APAC lax on data breach, theft

Summary:Region's lack of legislation allows data breaches to be swept under carpet while lenient judiciaries produce just slap on cybercriminals' wrists, argues security expert.

SINGAPORE--Lack of data privacy regulations, as well as lenient law enforcement in the Asia-Pacific region, have not helped the fight against cybercrime, according to a security expert.

Touching on the recent Epsilon incident, Paul Ducklin, Sophos' head of technology for the Asia-Pacific region, told ZDNet Asia the lack of legislation in this region had given affected companies opportunities to "sweep it under the carpet".

The e-mail marketing service provider, which sends some 40 billion e-mail messages annually, revealed in early April that its system was breached and about 2 percent of its customers' client names and e-mail had been leaked. Among the organizations affected were Citi, JPMorgan Chase, Marriot International and McKinsey & Company.

Of the affected companies, only U.S. companies have revealed that they were customers of Epsilon, and sent out e-mail messages to customers informing them of the data breach, Ducklin noted in an interview during a recent visit to Singapore.

He blamed this on the lack of mandatory disclosure laws in the region, adding that companies have no obligations to go public, as the information stolen are mainly e-mail addresses and not personal identifiable information.

The United States, for instance, has legislation requiring companies, which handle and "do things" with consumer data, to disclose any data breach and implement encryption.

Aside from the absence of laws, judiciary powers do not appear to be taking cybercrime seriously, judging by the punitive measures, lamented Ducklin.

According to him, a criminal who tried to sell 60, 000 stolen credit card numbers to undercover police in Perth last year, was let off on a "good behavior bond" and payment of A$150 (US$161) for court costs. The sentencing was similar to a fine of not paying toll on the Sydney Harbour Bridge, he pointed out.

"The magistrates don't seem to accept the severity of cybercrime, where lots of people's identities are stolen at a time," said Ducklin. "You're not actually punching someone or committing [a] violent crime, so these hackers can expect quite light sentences in some cases."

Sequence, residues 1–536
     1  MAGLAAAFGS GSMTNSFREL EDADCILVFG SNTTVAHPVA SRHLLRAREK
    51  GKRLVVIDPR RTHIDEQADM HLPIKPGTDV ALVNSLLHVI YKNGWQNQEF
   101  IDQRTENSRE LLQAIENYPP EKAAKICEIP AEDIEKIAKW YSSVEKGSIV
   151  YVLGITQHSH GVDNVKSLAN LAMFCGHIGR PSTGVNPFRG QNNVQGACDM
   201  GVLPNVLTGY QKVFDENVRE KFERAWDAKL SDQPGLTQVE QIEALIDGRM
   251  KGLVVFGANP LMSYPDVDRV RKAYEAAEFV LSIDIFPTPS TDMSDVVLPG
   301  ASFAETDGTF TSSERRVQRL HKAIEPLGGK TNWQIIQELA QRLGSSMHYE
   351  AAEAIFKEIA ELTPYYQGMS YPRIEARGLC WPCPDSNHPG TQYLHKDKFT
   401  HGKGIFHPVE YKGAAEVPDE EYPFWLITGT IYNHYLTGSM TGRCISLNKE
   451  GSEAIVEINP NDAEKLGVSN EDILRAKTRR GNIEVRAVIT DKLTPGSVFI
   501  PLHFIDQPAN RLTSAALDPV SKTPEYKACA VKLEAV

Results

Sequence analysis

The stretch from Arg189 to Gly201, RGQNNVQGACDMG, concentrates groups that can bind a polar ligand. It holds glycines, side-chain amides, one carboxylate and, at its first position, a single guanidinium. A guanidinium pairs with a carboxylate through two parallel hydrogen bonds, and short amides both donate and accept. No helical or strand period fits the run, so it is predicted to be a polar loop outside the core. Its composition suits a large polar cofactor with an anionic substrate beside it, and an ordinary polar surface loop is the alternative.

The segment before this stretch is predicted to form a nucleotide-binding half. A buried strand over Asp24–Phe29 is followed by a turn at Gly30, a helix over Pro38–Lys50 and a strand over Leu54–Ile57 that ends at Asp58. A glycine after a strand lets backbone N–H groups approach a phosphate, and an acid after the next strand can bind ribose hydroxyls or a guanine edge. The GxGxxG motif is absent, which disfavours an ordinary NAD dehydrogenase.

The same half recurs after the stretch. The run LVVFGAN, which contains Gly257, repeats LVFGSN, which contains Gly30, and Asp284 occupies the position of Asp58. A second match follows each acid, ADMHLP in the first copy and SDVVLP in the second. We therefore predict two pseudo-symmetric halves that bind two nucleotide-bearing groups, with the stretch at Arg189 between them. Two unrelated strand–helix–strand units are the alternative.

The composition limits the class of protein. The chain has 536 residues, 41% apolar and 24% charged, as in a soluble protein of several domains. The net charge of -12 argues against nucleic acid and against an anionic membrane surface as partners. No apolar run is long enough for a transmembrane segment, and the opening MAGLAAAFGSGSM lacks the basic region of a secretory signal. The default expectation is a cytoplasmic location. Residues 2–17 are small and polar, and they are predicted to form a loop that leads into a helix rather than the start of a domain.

Users more savvy, but Facebook must up security
Ducklin added that cybercriminals are also finding Facebook an effective channel to lure victims, as seen from the security vendor's frequent blog updates of alerts of scams targeting the social media site. The popular social networking platform, he noted, is a good way to popularize dodgy sites as cyberciminals can typically reach tens of millions of users effortlessly, with many of the unsuspecting users falling prey to malicious apps and javascript injection.

Sophos published an open letter to Facebook last week, asking Facebook to take on three security issues to improve privacy and safety for its over 500 million users.

In the letter, Sophos' senior technology consultant Graham Cluley urged Facebook to--instead of being required to do so by regulators--implement opt-in functions for new features on information sharing, publish only vetted and approved third-party developer apps and enforce a "secure connection" at all times.

The HTTPS function currently requires users to turn it on in their account settings but Facebook noted that it is looking to enable HTTPS by default "sometime in the future". The social network also announced on Apr. 19 that it would automatically switch users back to the more secured connection after they have used a non-HTTPS application.

Ducklin said he is puzzled as to why Facebook users willingly allow apps from unknown or suspicious companies, access to their personal information. "Do you really want to allow someone you do not know to post articles as if it were you? It seems crazy but we're trying to bring the [preventive] message across," he pointed out.

Rogue apps are not only the ones making their rounds in the social media site now, he said. Another recently introduced 'feature' claiming to allow users to view stalkers or frequent visitors to their page, is actually a javascript attack that injects malicious codes when users try to access it through browsers.

Many URLs these days are shortened, making it very difficult "to see where you're going", he added.

Bogus surveys are also contributing to the underground economy, where users, lured by bogus iPhone and iPad prizes, are willing divulge information online to dodgy Web sites, said Ducklin. Not only are such information obtained by cybercriminals, users' computer systems may also be infected as these sites may trigger some form of exploit via browsers, he shared.

However, Ducklin acknowledged that an increasing number of people are now more aware of online scams. Citing an impromptu video survey in Singapore he conducted last year, where 20 locals and tourists were quizzed on whether they would divulge information for a free iPad, at least half stood firm against giving in to such "temptation".

"I was quite pleased that the results were 50-50, they were either willing or not willing to divulge any information," he said.

"If we did the same thing three years ago, when Facebook was still quite new, people either wouldn't be on it yet, or would be more than willing to partake in the 'fun'."

Topics: Software, Apps, Browser, Collaboration, CXO, Government : Asia, Hardware, IT Employment, Legal, Mobility, Security, Social Enterprise

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